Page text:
Coloring page
Enjoy this coloring page, in which a young child carefully holds a baby bird. Use the picture to talk about what it means to be gentle in our words and actions.
Act It Out!
On slips of paper, write out various scenarios where someone speaks to you harshly and in anger (for example, a neighbor yells at you to get off their lawn, a bully knocks over your sand castle at the beach, a classmate calls you a mean name). 

Have a family member pull out one slip of paper and read the scenario. His or her job is to respond to the situation in two ways: First, he responds in anger. Second, he responds with gentleness. 

You may want to create skits about each scenario as a whole family. You could even record them and turn them into mini-movies to watch and discuss later! 

Talk about what might happen as a result of the angry response, as compared to what might happen as a result of the gentle response. 

(Kids of Integrity is the source of this great activity!) 

If you missed the earlier posts on fruit of the spirit, you can find them here:

Thursday, May 14, 2020


“The fruit of the spirit is love, joy, peace, patience, kindness, goodness, FAITHFULNESS, gentleness, and self-control. Against such things there is no law.”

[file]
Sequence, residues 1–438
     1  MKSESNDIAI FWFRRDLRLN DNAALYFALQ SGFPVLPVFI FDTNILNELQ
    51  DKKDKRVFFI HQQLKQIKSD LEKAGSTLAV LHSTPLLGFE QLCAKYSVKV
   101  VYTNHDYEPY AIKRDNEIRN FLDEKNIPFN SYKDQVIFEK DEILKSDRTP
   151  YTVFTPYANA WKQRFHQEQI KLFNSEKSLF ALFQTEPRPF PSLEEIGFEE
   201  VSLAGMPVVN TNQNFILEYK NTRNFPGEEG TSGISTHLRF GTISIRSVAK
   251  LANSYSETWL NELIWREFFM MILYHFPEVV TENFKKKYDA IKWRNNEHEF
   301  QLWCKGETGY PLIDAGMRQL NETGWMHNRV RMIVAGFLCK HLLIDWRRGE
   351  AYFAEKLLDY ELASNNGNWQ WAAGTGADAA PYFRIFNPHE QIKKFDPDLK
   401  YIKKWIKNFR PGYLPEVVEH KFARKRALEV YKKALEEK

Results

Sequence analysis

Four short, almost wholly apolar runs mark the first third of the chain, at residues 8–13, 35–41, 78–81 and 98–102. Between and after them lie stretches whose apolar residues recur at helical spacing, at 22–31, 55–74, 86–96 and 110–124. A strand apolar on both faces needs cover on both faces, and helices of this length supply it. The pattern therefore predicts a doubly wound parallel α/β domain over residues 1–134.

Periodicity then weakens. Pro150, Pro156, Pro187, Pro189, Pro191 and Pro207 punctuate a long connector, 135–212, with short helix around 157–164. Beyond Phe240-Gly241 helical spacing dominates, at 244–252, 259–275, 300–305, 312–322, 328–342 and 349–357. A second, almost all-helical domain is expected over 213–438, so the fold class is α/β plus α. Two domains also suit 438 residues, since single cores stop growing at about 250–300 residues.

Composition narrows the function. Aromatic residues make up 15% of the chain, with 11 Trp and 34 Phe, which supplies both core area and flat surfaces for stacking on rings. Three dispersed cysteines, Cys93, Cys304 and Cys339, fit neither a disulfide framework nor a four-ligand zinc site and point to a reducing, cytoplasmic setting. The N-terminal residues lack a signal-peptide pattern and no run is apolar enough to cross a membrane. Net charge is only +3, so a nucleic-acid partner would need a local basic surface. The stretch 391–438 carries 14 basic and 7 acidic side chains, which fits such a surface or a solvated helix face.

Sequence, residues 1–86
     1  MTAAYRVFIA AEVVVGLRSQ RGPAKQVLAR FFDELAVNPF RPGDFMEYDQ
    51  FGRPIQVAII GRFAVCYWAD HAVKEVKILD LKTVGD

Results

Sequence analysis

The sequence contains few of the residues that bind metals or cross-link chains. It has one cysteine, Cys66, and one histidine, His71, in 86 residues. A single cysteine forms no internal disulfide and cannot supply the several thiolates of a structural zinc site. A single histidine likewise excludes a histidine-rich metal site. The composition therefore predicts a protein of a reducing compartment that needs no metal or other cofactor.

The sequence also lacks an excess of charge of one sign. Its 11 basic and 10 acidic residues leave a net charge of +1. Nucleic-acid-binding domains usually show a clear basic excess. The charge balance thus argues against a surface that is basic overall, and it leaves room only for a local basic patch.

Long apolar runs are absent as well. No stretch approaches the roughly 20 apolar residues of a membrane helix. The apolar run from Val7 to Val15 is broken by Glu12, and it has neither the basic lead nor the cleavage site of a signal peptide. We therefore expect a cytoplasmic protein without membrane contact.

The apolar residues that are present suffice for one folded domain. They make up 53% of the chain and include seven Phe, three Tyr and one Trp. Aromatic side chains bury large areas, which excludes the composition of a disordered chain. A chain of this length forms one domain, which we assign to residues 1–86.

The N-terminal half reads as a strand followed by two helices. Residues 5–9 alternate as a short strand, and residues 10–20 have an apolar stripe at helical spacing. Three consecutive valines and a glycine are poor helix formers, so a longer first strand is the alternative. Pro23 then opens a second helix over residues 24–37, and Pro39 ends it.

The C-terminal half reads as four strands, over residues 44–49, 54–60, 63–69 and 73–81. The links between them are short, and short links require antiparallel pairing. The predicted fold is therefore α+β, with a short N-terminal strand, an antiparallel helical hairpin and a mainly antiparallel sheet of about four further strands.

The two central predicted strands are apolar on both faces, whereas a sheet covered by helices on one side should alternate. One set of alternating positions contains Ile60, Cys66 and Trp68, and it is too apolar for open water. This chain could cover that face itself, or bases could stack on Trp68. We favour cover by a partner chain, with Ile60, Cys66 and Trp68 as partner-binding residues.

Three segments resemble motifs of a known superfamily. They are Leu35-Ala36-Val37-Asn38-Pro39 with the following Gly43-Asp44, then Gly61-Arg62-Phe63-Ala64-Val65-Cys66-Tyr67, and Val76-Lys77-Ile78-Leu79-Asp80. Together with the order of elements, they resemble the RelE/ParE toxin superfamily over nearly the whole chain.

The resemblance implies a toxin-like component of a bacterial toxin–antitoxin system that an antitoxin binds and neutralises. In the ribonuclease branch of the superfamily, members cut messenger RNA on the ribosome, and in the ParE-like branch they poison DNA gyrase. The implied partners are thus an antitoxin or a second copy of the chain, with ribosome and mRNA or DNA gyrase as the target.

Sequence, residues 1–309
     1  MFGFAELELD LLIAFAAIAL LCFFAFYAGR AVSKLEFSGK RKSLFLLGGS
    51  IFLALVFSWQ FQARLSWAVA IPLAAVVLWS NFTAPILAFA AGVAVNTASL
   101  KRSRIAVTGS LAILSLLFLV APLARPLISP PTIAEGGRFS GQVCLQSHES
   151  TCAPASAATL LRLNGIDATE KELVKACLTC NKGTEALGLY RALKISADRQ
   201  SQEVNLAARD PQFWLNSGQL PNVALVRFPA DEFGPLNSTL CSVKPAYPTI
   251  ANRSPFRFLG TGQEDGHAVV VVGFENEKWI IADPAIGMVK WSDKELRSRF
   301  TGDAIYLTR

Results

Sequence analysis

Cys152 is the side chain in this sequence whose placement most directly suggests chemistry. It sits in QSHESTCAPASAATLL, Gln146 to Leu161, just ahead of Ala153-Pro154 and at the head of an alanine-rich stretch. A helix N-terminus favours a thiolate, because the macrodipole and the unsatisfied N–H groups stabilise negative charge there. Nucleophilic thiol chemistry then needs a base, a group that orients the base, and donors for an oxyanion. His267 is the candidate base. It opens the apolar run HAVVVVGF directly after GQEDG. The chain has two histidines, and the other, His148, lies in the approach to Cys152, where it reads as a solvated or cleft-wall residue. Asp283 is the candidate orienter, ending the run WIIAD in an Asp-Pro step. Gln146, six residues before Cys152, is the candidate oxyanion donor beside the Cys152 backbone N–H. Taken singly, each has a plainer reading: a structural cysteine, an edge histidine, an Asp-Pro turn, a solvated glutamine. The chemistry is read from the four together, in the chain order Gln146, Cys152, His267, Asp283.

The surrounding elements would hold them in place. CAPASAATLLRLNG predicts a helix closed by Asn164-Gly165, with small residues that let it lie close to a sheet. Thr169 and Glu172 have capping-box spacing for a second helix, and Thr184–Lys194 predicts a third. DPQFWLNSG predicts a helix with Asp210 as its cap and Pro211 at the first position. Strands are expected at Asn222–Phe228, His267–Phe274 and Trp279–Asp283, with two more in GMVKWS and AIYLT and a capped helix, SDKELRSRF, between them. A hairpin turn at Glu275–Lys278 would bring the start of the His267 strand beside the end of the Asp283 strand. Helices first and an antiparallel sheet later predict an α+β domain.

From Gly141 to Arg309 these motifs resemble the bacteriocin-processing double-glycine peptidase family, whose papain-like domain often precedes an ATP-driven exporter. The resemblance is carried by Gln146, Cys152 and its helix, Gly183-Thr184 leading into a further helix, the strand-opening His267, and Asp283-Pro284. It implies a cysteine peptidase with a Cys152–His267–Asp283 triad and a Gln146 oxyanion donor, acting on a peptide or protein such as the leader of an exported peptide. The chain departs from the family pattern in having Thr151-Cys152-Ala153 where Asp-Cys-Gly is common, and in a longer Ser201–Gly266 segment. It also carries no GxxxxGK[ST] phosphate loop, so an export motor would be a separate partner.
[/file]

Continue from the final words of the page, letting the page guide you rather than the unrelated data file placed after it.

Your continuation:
(Galatians 5:22-23)

We have looked at more than half of the fruit of the spirit at this point! Faithfulness is the seventh of nine fruit that we are empowered to display when we allow our lives and our character to be guided and shaped by God’s Holy Spirit.

God is our perfect example of faithfulness: He is constant, stable, and dependable. Many of us hold onto the promise in Lamentations 3:22-23, telling us that His mercies are new every morning. One of the most astonishing things I’ve discovered about God over the years is His unlimited willingness to forgive us and welcome us back again as His children, no matter how often or how far we may stray. He is faithful when we are faithless. He is constant when we are shaken. He is stable when we are unmoored. He is dependable when we are wavering.